The toy was a smash success and is still being produced to this day, albeit in a different form.

An interesting facet of the toy is that “Joe” had a scar on his face? What was the somewhat surprisingly practical reason for it being there?
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Did Barbie Once Come With a Weight Loss Advice Book That Simply Read “Don’t Eat”?

Here is the latest in a series of examinations into urban legends about toys and whether they are true or false. Click here for an archive of all toy urban legends featured so far!

TOY URBAN LEGEND: Barbie was once sold with a diet book that simply read “don’t eat”?

Something that anyone telling jokes has to keep in mind is that context is often king. Something that is clearly meant as a joke in one context could be read as something else entirely in another context. I believe that this is at the heart of the infamous story of the weight loss advice book that came with Slumber Party Barbie.
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Did the U.S. Military Buy A Hundred Thousand Viewmasters During World War II?

Here is the latest in a series of examinations into urban legends about toys and whether they are true or false. Click here for an archive of all toy urban legends featured so far!

TOY URBAN LEGEND: The United States military purchased millions of View Master reels for training purposes during World War II.

Sawyers’ Photo Services was founded in 1911. In 1926, Harold Graves was brought into the company and was put in charge of photographs for postcards and collectible albums.

In the early 20th Century, postcards of famous places were often the only way people could ever see some of the world’s wonders like the Grand Canyon. In 1939, Graves formed a partnership with a man named Wilhelm Gruber to produce “stereo photographs.” These stereo photographs would be on film that would be put into discs (or “slides”) that you could then slide into a viewing device similar to a camera and then, well, view them. This viewing device was called the Viewmaster.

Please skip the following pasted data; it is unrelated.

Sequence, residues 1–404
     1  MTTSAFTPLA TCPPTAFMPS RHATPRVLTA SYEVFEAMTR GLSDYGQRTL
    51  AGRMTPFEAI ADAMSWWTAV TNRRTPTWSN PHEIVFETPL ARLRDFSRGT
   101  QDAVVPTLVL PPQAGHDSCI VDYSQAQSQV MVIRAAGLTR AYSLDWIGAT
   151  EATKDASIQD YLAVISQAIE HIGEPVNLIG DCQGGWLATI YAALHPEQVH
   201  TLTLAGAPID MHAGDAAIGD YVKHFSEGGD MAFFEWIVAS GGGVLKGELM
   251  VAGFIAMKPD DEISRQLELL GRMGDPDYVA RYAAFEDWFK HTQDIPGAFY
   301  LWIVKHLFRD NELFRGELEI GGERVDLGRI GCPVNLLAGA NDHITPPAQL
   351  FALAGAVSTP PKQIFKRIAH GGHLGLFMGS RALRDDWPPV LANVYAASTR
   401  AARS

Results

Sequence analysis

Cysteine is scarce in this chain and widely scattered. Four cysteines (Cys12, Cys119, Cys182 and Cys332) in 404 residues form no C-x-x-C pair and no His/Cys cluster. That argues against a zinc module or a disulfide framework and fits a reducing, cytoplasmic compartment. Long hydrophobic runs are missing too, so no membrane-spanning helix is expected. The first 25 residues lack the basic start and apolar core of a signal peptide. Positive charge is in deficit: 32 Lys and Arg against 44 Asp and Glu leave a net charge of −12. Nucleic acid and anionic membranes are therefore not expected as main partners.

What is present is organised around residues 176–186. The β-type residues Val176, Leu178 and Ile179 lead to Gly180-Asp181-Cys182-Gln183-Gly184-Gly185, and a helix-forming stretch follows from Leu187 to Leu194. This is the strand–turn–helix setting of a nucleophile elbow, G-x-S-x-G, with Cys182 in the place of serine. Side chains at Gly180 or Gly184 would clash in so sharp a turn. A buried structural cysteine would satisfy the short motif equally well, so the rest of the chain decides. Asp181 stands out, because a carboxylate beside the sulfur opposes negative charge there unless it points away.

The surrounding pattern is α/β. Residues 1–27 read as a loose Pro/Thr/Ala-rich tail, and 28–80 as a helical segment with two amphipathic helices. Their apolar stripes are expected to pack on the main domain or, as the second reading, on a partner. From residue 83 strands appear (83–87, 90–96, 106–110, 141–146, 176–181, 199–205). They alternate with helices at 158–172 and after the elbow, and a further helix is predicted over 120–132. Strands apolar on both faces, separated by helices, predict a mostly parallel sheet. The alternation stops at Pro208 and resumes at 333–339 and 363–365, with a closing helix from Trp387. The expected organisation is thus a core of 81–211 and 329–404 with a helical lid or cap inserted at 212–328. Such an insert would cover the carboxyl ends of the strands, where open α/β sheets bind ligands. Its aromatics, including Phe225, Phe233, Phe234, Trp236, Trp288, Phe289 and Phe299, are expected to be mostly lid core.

Here’s an early 1940’s Viewmaster (made out of metal)…

Viewmasters were used as replacements for scenic postcards. They allowed viewers to see all sorts of wonderful landscapes (the Grand Canyon was one of their most popular series of slides).

When World War II broke out, the United States military soon appreciated the utility of these devices for training purposes.
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Were Lincoln Logs Not Actually Named After Abraham Lincoln?

Here is the latest in a series of examinations into urban legends about toys and whether they are true or false. Click here for an archive of all toy urban legends featured so far!

TOY URBAN LEGEND: Lincoln Logs were named after the middle name of the father of the inventor of Lincoln Logs.

Lincoln Logs are a famous children’s toy that consists of miniature logs with notches on them that can be connected and used to build forts and whatever other type of building your heart desires (perhaps a log cabin, even!). They were first designed in 1916 by John Lloyd Wright, son of famed architect Frank Lloyd Wright, first marketed in 1918, patented in 1920 and first sold a few years later.

Wright claimed at the time that he was inspired by his father’s design for the Imperial Hotel in Tokyo, Japan (Wright was in Japan with his father at the time of the design and construction of the Imperial Hotel). I can’t speak to the veracity of that statement, especially since there were a goodly amount of similar block-building toys in the 19th Century.

However, one point that I believe I can speak to is the slight confusion brought about by the great website Mental Floss. The site had a feature on Lincoln Logs awhile back that has caused a bit of confusion with regards to the origins of the name “Lincoln Logs.” In an article about the secrets behind famous toys, writer Tim Moodie wrote in regards to Lincoln Logs:

But here’s the strangest part: the naming of the toy might not have been a tribute to Honest Abe. Here’s the scoop: Frank Lloyd Wright was born Frank Lincoln Wright, but he legally changed his name when his parents split. So, Lloyd Jones was his mother’s maiden name and Frank’s name change was to honor her. In any case, whichever Lincoln the toy was honoring, we’re pretty sure Honest Abe would have gotten a kick out of the little logs.